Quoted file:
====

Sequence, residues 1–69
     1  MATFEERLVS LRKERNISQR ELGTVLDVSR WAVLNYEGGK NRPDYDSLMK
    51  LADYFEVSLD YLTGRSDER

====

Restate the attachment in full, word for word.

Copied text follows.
Sequence, residues 1–69
     1  MATFEERLVS LRKERNISQR ELGTVLDVSR WAVLNYEGGK NRPDYDSLMK
    51  LADYFEVSLD YLTGRSDER